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  1. ABSTRACT In this work, we combine spectroscopic information from the SkyMapper survey for Extremely Metal-Poor stars and astrometry from Gaia DR2 to investigate the kinematics of a sample of 475 stars with a metallicity range of $-6.5 \le \rm [Fe/H] \le -2.05$ dex. Exploiting the action map, we identify 16 and 40 stars dynamically consistent with the Gaia Sausage and Gaia Sequoia accretion events, respectively. The most metal poor of these candidates have metallicities of $\rm [Fe/H]=-3.31\, \mathrm{ and }\, -3.74$, respectively, helping to define the low-metallicity tail of the progenitors involved in the accretion events. We also find, consistentmore »with other studies, that ∼21 per cent of the sample have orbits that remain confined to within 3 kpc of the Galactic plane, that is, |Zmax| ≤ 3 kpc. Of particular interest is a subsample (∼11 per cent of the total) of low |Zmax| stars with low eccentricities and prograde motions. The lowest metallicity of these stars has [Fe/H] = –4.30 and the subsample is best interpreted as the very low-metallicity tail of the metal-weak thick disc population. The low |Zmax|, low eccentricity stars with retrograde orbits are likely accreted, while the low |Zmax|, high eccentricity pro- and retrograde stars are plausibly associated with the Gaia Sausage system. We find that a small fraction of our sample (∼4 per cent of the total) is likely escaping from the Galaxy, and postulate that these stars have gained energy from gravitational interactions that occur when infalling dwarf galaxies are tidally disrupted.« less
  2. ABSTRACT We present and discuss the results of a search for extremely metal-poor stars based on photometry from data release DR1.1 of the SkyMapper imaging survey of the southern sky. In particular, we outline our photometric selection procedures and describe the low-resolution (R ≈ 3000) spectroscopic follow-up observations that are used to provide estimates of effective temperature, surface gravity, and metallicity ([Fe/H]) for the candidates. The selection process is very efficient: of the 2618 candidates with low-resolution spectra that have photometric metallicity estimates less than or equal to −2.0, 41 per cent have [Fe/H] ≤ −2.75 and only approximately seven per cent have [Fe/H] > −2.0 dex. Themore »most metal-poor candidate in the sample has [Fe/H] < −4.75 and is notably carbon rich. Except at the lowest metallicities ([Fe/H] < −4), the stars observed spectroscopically are dominated by a ‘carbon-normal’ population with [C/Fe]1D, LTE ≤ +1 dex. Consideration of the A(C)1D, LTE versus [Fe/H]1D, LTE diagram suggests that the current selection process is strongly biased against stars with A(C)1D, LTE > 7.3 (predominantly CEMP-s) while any bias against stars with A(C)1D, LTE < 7.3 and [C/Fe]1D,LTE > +1 (predominantly CEMP-no) is not readily quantifiable given the uncertainty in the SkyMapper v-band DR1.1 photometry. We find that the metallicity distribution function of the observed sample has a power-law slope of Δ(Log N)/Δ[Fe/H] = 1.5 ± 0.1 dex per dex for −4.0 ≤ [Fe/H] ≤ −2.75, but appears to drop abruptly at [Fe/H] ≈ −4.2, in line with previous studies.« less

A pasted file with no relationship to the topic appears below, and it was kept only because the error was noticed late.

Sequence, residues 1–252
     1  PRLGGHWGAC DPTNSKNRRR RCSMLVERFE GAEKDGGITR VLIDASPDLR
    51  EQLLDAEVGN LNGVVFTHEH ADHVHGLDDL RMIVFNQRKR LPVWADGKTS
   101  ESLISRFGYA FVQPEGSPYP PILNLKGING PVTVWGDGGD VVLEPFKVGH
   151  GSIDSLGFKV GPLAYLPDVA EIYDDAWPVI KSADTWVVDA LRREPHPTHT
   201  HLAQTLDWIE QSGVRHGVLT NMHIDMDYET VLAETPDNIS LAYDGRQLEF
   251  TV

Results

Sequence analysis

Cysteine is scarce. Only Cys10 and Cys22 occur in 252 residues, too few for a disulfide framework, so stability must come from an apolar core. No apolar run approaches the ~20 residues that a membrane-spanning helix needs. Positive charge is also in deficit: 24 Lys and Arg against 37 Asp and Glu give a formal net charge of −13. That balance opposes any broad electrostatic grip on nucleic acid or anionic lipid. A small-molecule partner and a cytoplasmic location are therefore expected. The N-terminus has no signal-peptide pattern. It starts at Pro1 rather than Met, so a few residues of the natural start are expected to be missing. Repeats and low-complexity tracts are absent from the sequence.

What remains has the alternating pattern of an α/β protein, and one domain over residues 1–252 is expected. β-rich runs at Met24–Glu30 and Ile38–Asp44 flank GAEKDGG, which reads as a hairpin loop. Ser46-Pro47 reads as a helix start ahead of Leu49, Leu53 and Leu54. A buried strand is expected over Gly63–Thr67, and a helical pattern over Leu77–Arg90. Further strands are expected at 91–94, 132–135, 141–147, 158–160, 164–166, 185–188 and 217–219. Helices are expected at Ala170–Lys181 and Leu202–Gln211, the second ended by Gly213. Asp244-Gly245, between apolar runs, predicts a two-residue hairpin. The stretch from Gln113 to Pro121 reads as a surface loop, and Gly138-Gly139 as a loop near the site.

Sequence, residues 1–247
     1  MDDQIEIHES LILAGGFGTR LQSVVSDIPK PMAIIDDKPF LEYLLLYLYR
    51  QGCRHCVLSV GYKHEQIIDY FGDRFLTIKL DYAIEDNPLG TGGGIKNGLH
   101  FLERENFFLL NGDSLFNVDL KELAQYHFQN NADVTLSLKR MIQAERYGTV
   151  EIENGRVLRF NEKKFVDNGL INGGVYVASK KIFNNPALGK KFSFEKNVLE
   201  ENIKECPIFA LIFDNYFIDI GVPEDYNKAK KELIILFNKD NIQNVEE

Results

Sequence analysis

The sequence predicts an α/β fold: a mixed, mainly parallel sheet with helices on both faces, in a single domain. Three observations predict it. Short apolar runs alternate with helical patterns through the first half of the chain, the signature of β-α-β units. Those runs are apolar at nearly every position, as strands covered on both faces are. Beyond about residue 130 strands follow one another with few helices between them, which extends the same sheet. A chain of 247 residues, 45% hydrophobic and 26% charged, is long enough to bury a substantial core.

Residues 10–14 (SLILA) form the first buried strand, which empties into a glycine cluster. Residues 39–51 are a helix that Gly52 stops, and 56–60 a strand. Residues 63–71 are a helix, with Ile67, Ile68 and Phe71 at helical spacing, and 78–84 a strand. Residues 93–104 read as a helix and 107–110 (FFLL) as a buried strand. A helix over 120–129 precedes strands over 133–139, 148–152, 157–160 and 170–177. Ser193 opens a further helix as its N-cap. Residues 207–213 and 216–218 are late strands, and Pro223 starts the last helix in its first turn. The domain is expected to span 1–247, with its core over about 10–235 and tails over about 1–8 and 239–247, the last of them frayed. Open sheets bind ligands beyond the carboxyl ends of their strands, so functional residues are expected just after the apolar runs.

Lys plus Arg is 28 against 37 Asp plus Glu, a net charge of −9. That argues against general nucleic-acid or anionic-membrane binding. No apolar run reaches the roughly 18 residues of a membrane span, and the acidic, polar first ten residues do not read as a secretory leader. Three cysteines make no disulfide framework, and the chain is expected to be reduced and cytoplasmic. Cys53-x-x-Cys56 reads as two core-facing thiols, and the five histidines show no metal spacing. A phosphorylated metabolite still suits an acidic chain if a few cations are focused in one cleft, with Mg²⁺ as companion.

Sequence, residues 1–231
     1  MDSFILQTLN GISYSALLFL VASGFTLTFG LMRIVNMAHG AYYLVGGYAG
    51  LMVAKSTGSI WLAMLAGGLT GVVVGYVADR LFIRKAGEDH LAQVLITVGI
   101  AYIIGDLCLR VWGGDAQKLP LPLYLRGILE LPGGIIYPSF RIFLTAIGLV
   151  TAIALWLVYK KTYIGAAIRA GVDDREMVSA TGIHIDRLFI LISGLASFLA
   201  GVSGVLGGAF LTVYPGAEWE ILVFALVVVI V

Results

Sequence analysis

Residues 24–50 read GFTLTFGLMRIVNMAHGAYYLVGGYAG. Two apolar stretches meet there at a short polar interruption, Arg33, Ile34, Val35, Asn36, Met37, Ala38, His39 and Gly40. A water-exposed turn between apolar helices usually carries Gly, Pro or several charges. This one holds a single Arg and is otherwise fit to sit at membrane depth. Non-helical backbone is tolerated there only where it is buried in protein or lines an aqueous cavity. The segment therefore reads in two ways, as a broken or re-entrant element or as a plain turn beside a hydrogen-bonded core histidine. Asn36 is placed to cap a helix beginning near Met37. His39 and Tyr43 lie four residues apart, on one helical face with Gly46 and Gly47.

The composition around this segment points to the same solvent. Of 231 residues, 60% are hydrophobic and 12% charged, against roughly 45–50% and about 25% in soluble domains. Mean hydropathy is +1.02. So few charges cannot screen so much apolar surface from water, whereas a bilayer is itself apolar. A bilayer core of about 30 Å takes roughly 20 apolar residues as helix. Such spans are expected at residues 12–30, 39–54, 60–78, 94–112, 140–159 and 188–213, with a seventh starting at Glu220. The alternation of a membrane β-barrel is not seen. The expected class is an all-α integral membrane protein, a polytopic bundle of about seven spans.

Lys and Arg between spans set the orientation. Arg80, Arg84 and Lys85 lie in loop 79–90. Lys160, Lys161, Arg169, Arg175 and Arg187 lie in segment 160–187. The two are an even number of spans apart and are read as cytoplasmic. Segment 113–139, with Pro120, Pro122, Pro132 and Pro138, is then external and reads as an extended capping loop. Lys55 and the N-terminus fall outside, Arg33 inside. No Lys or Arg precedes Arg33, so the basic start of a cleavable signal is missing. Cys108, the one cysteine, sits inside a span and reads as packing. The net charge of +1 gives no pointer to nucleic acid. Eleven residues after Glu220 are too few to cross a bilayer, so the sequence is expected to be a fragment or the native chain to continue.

3. ABSTRACT We report the discovery of SMSS J160540.18−144323.1, a new ultra metal-poor halo star discovered with the SkyMapper telescope. We measure $\left[\rm {Fe}/\rm {H}\right]= -6.2 \pm 0.2$ (1D LTE), the lowest ever detected abundance of iron in a star. The star is strongly carbon-enhanced, $\left[\rm {C}/\rm {Fe}\right] = 3.9 \pm 0.2$, while other abundances are compatible with an α-enhanced solar-like pattern with $\left[\rm {Ca}/\rm {Fe}\right] = 0.4 \pm 0.2$, $\left[\rm {Mg}/\rm {Fe}\right] = 0.6 \pm 0.2$, $\left[\rm {Ti}/\rm {Fe}\right] = 0.8 \pm 0.2$, and no significant s- or r-process enrichment, $\left[\rm {Sr}/\rm {Fe}\right] \lt 0.2$ and $\left[\rm {Ba}/\rm {Fe}\right] \ltmore »1.0$ (3σ limits). Population III stars exploding as fallback supernovae may explain both the strong carbon enhancement and the apparent lack of enhancement of odd-Z and neutron-capture element abundances. Grids of supernova models computed for metal-free progenitor stars yield good matches for stars of about $10\, \rm M_\odot$ imparting a low kinetic energy on the supernova ejecta, while models for stars more massive than roughly $20\, \rm M_\odot$ are incompatible with the observed abundance pattern.« less